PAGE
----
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Abstract

At the heart of the political realist ethic of international politics which Niebuhr developed through the 1930s and 1940s to replace his pacifism was a belief that without coercion there could be no order, and without order there could be no justice. This chapter examines these claims and the bases on which they rest, namely, Niebuhr’s view of human nature and of human community.

Keywords

Human Nature Human Community International Politics Political Realism Natural Impulse 
These keywords were added by machine and not by the authors. This process is experimental and the keywords may be updated as the learning algorithm improves.

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Notes

  1. 4.
    Niebuhr, Europe’s Catastrophe and the Christian Faith (London: Nisbet 1940) 28.Google Scholar
  2. 9.
    Niebuhr, Faith and History: A Comparison of Christian and Modern Views of History (London: Nisbet 1938) 114.Google Scholar
  3. 11.
    Niebuhr believes that faith makes clear very important elements of reality which rationalism misses. We must admit that we do not know, on the basis of rational analysis alone, all we need for our collective life. There is dogmatic hubris of reason which blinds us to important elements of reality such as evil and self-regard. We cannot understand our discordant nature or the world without ‘suprarational’ religion. This conclusion was reached by the mathematician, physicist, engineer and philosopher Blaise Pascal who decided that there is ‘nothing so consistent with reason as this denial of reason’ (A. J. Krailsheimer, Pascal: Pensées [Harmondsworth: Penguin 1966] no. K182).Google Scholar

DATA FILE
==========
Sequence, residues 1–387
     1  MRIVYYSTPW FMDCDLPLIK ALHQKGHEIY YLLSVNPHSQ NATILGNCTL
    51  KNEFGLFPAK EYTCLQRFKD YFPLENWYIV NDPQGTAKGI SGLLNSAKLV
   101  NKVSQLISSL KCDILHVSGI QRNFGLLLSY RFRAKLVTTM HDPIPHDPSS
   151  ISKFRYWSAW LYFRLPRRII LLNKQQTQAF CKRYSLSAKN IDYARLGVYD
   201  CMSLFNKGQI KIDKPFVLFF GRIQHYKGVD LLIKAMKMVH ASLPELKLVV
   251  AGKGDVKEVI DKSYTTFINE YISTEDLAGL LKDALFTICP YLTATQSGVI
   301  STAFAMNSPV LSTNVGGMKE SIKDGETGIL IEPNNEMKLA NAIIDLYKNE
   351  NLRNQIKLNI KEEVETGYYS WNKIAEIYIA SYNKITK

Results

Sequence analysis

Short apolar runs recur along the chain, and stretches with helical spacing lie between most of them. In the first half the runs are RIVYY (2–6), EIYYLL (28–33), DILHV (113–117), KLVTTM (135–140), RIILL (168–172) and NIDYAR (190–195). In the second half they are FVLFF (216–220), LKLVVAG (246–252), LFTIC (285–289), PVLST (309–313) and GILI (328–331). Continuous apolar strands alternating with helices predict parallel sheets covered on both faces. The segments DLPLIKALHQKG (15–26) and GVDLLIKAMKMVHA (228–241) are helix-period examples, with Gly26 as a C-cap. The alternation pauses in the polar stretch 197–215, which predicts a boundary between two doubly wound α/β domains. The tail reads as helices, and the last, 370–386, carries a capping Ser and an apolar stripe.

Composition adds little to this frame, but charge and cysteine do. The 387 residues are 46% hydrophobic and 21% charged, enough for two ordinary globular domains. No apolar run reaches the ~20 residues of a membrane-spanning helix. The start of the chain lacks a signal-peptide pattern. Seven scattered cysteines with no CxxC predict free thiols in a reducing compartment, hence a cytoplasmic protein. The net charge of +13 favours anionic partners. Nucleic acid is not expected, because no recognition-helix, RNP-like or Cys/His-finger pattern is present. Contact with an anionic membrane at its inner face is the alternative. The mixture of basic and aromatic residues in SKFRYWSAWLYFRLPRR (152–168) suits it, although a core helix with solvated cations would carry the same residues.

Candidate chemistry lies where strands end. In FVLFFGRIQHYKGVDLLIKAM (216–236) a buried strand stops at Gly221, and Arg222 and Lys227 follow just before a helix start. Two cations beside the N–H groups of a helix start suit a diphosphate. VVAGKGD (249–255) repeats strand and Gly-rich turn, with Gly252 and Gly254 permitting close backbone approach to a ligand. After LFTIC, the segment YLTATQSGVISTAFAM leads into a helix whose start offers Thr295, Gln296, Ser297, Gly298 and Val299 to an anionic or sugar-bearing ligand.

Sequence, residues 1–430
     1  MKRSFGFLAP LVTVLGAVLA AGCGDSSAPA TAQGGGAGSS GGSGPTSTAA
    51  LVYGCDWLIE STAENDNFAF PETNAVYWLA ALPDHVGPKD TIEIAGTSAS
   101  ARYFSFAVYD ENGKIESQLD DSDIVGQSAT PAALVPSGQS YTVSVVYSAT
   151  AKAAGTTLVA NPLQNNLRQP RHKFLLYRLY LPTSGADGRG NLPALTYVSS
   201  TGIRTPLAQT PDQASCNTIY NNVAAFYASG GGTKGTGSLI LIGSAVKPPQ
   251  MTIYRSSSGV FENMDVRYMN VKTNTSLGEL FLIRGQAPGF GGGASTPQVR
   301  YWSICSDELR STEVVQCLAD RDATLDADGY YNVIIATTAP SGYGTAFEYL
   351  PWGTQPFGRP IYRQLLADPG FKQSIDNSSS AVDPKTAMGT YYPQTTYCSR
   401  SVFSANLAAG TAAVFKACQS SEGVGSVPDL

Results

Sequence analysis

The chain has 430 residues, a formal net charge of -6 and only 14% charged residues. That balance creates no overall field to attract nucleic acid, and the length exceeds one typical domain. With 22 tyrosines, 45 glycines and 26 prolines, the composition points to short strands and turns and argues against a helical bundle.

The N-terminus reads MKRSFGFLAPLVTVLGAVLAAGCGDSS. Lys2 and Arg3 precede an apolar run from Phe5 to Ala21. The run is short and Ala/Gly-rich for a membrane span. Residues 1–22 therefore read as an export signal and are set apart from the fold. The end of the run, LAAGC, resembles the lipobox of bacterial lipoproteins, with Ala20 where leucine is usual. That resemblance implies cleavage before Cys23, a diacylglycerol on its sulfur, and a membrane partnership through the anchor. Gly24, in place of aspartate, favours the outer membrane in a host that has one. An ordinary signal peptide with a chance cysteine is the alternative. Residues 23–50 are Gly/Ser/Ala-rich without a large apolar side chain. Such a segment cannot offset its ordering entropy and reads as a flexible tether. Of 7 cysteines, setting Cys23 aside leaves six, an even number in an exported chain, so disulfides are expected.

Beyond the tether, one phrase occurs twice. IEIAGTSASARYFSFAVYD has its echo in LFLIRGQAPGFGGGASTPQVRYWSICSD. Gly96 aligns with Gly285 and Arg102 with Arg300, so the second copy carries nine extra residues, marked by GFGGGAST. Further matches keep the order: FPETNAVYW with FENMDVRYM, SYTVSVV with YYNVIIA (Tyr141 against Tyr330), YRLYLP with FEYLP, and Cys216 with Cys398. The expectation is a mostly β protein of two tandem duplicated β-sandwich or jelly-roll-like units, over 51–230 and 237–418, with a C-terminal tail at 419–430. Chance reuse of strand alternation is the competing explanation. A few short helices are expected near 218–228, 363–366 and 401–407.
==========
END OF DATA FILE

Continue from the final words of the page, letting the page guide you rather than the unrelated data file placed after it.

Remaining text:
4. 12.
    Niebuhr, Discerning the Signs of the Times: Sermons for Today and Tomorrow (London: Student Christian Movement Press 1946) 139–42.Google Scholar
  5. 18.
    Niebuhr, The Self and the Drama of History (New York: Charles Scribner’s Sons 1955) 223.Google Scholar
  6. 19.
    Niebuhr, The Irony of American History (London: Nisbet 1952) 142.Google Scholar
  7. 26.
    Augustine, The Political Writings, ed. Henry Paolucci (Chicago: Gateway Editions 1982) 1.Google Scholar
  8. 36.
    See Dun and Niebuhr, ‘God Wills Both Justice and Peace’, Christianity and Crisis 15 (13 June 1955).Google Scholar
  9. 47.
    In Niebuhr, Reflections on the End of an Era, 1934.Google Scholar
  10. 50.
    Niebuhr, ‘The Limits of American Power’, Christianity and Society vol. 17, no. 4 (Autumn 1954) 5.Google Scholar
  11. 51.
    Niebuhr, Tower and Justice’, Christianity and Society vol. 8, no. 1 (Winter 1942) 10.Google Scholar

Copyright information

© Colm McKeogh 1997

Authors and Affiliations

  • Colm McKeogh
    • 1
  1. 1.Department of Political Science and Public PolicyUniversity of WaikatoHamiltonNew Zealand

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